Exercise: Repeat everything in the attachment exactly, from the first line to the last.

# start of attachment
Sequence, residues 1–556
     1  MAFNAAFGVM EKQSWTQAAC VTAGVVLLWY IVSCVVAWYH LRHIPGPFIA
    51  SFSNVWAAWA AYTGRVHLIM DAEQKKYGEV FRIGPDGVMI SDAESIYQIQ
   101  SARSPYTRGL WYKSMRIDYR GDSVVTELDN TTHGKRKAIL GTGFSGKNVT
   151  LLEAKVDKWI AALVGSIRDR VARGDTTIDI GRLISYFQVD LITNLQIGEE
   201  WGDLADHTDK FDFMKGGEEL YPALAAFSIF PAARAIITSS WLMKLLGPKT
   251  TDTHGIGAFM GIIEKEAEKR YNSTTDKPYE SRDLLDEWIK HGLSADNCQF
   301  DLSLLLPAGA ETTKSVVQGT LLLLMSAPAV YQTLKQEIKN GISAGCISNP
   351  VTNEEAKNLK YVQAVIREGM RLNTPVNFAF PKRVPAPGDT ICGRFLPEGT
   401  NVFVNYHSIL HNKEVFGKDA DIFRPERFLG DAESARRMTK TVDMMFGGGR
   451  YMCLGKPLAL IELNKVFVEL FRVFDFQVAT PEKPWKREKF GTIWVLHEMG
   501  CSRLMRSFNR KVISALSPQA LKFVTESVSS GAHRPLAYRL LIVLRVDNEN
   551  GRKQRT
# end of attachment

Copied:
Sequence, residues 1–556
     1  MAFNAAFGVM EKQSWTQAAC VTAGVVLLWY IVSCVVAWYH LRHIPGPFIA
    51  SFSNVWAAWA AYTGRVHLIM DAEQKKYGEV FRIGPDGVMI SDAESIYQIQ
   101  SARSPYTRGL WYKSMRIDYR GDSVVTELDN TTHGKRKAIL GTGFSGKNVT
   151  LLEAKVDKWI AALVGSIRDR VARGDTTIDI GRLISYFQVD LITNLQIGEE
   201  WGDLADHTDK FDFMKGGEEL YPALAAFSIF PAARAIITSS WLMKLLGPKT
   251  TDTHGIGAFM GIIEKEAEKR YNSTTDKPYE SRDLLDEWIK HGLSADNCQF
   301  DLSLLLPAGA ETTKSVVQGT LLLLMSAPAV YQTLKQEIKN GISAGCISNP
   351  VTNEEAKNLK YVQAVIREGM RLNTPVNFAF PKRVPAPGDT ICGRFLPEGT
   401  NVFVNYHSIL HNKEVFGKDA DIFRPERFLG DAESARRMTK TVDMMFGGGR
   451  YMCLGKPLAL IELNKVFVEL FRVFDFQVAT PEKPWKREKF GTIWVLHEMG
   501  CSRLMRSFNR KVISALSPQA LKFVTESVSS GAHRPLAYRL LIVLRVDNEN
   551  GRKQRT